COVID-19: Federal Efforts Could Be Strengthened by Timely and Concerted Actions

A Government Accountability Office (GAO) report to Congressional Committees regarding federal actions to support public health, individuals, and the economy in COVID-19 evaluates federal actions to the pandemic. The report identified several issues in need of attention by Congress and the administration, including: the medical supply chain is unable to prevent shortages in personal protective equipment (PPE) and testing supplies; there is a lack of clarity about the federal government’s plan for distributing and administering a COVID-19 vaccine; COVID-19 data reveal that there is a disproportionate burden of COVID-19 cases, hospitalizations, and deaths exists among minority groups and those data contain gaps; and the Department of the Treasury and the Internal Revenue Service lack updated information on the number of eligible recipients who have not received an economic impact payment. Beyond the long list of areas in need of improvement, the report lays out 16 recommendations for executive action, such as better developing and communicating plans that outline the specific actions that the federal government intends to take to help alleviate medical supply gaps necessary to respond to the remainder of the pandemic. Read the full report here.

In Response: Yan et al Preprint

The Johns Hopkins Center for Health Security published a response to the preprint report, Unusual Features of the SARS-CoV-2 Genome Suggesting Sophisticated Laboratory Modification Rather Than Natural Evolution and Delineation of Its Probable Synthetic Route, by Li-Meng Yan, Shu Kang, Jie Guan, and Shanchang Hu. The report in question provides a theory about the origin of SARS-CoV-2, but, according to the Center for Health Security, the authors failed to provide accurate or supportive evidence to back up their claim. In short, the refuted report, which is not peer-reviewed, states that “SARS-CoV-2 shows biological characteristics that are inconsistent with a naturally occurring, zoonotic virus” and that “evidence shows that SARS-CoV-2 should be a laboratory product created by using bat coronaviruses ZC45 and/or ZXC21 as a template and/or backbone.” The Center for Health Security response thoroughly details the errors in the report and provides accurate information about each topic.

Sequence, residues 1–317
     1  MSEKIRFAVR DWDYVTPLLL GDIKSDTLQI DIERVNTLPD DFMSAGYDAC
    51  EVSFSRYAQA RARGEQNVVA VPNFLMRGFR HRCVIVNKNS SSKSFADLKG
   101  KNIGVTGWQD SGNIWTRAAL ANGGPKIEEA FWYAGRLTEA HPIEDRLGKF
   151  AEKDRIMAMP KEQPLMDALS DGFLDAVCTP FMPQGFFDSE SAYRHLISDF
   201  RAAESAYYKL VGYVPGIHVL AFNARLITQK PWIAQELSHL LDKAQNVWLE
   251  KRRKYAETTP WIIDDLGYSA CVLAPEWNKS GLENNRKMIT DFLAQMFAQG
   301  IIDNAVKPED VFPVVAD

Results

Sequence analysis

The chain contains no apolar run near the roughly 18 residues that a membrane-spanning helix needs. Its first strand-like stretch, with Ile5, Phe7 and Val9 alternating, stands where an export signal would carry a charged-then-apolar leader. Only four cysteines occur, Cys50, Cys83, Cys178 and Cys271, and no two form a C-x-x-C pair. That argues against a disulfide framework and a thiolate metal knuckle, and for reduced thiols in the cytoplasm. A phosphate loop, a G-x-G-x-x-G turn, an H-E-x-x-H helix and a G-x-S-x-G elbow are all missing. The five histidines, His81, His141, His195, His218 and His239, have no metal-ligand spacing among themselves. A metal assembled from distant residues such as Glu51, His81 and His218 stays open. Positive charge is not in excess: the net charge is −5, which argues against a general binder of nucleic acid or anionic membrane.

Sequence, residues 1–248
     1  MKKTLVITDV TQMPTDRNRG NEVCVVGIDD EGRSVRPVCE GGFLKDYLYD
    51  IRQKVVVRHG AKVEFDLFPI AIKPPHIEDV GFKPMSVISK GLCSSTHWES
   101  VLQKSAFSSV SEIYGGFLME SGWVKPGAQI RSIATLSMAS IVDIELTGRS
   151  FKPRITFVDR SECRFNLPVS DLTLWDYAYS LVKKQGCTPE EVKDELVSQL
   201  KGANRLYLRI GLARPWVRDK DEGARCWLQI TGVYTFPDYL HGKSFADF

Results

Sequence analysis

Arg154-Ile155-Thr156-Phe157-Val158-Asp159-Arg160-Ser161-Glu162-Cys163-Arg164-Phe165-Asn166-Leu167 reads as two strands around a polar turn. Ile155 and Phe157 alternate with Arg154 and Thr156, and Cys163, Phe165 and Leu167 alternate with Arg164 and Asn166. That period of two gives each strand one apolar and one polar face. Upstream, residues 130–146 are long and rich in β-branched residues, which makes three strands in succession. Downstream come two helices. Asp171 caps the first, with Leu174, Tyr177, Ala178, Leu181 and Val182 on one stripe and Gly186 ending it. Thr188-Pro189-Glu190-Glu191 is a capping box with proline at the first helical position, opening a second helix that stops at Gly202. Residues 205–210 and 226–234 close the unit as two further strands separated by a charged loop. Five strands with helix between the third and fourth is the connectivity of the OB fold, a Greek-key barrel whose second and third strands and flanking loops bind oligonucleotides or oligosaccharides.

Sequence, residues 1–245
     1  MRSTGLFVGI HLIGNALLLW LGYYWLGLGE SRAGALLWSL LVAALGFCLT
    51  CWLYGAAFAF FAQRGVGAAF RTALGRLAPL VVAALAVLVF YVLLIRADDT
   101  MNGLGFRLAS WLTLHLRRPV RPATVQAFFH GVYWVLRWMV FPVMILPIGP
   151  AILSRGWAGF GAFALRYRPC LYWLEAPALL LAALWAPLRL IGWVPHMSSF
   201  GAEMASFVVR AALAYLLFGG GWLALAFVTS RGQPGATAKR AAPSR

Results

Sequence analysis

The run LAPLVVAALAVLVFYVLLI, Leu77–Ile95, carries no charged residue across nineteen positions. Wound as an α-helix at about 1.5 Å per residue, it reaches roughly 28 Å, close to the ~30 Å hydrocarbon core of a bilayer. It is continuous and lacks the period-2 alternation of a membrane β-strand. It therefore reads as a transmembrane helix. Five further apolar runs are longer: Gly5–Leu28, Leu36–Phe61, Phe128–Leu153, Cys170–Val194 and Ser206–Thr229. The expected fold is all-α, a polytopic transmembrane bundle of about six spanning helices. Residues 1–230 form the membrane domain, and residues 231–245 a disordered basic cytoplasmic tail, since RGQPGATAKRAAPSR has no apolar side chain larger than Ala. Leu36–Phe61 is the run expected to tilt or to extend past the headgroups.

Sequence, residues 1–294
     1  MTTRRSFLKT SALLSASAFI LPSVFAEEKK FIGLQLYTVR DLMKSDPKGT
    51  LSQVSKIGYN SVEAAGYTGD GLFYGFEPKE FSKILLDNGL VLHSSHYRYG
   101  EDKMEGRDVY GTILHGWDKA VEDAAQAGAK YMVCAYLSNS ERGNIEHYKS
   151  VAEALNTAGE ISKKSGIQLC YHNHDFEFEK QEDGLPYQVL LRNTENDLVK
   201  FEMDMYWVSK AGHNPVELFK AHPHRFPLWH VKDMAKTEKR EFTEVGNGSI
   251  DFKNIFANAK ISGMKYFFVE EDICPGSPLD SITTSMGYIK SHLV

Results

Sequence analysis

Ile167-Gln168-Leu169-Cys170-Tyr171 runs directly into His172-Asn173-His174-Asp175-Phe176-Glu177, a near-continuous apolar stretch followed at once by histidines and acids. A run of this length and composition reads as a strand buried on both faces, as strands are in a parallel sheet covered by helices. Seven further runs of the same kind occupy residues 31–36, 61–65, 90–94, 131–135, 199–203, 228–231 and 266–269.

Lists of Chemical Warfare Agents and Precursors: Structural Annotation and Chemical Fingerprint Analysis

A recent publication by Stefano Costanzi, Charlotte Slavick, Brent Hutchinson, Gregory Koblentz (GMU Biodefense Program Director), and Richard Cupitt (GMU Adjunct Professor) provides “curated and structurally annotated chemical weapons (CW) control lists from three key international nonproliferation frameworks: the Chemical Weapons Convention (CWC), the Australia Group (AG), and the Wassenaar Arrangement.” These lists were constructed to facilitate communication between scientific advisors and policymakers in chemical weapons nonproliferation. They are also aimed at enabling the work of chemists and cheminformaticians working on CW nonproliferation. The tables include 2D structural images, downloadable 2D structures, and links to NCBI’s PubChem and NIST’s Chemistry WebBook cards that offer quick access to physicochemical, analytical chemistry, and toxicological information. The article examines a discrepancy in a CW control list covering the defoliant Agent Orange and suggests a solution to address it, as well as the results of chemical fingerprinting analyses. The tables for the curated lists of chemicals are available here.

Schar School Virtual Open Houses & Sample Lectures

Calling all future biodefense experts! The Schar School of Policy and Government is hosting a series of virtual open houses and sample lectures for prospective certificate, master’s, and PhD students, which include the Biodefense Graduate Programs. On 23 September, there is a PhD Virtual Open House at 7pm EDT. On 22 October and 12 November, there will be Master’s and Certificate Virtual Open Houses at 6:30pm EDT. Virtual sample classes include “Globalization and Development After COVID-19,” “Energy and Climate Change – The National Security Odd-Couple,” and “Will COVID-19 Inspire Greater Interest in Bioweapons?” To read the latest Master’s in Biodefense Career Report, click here. Register for these open houses and lectures here.